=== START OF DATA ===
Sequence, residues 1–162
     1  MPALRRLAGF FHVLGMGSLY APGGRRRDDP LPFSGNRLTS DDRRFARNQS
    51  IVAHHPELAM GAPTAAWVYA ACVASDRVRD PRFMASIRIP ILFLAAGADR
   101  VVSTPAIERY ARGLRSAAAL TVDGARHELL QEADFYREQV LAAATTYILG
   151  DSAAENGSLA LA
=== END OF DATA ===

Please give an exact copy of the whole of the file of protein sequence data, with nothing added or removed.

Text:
Sequence, residues 1–162
     1  MPALRRLAGF FHVLGMGSLY APGGRRRDDP LPFSGNRLTS DDRRFARNQS
    51  IVAHHPELAM GAPTAAWVYA ACVASDRVRD PRFMASIRIP ILFLAAGADR
   101  VVSTPAIERY ARGLRSAAAL TVDGARHELL QEADFYREQV LAAATTYILG
   151  DSAAENGSLA LA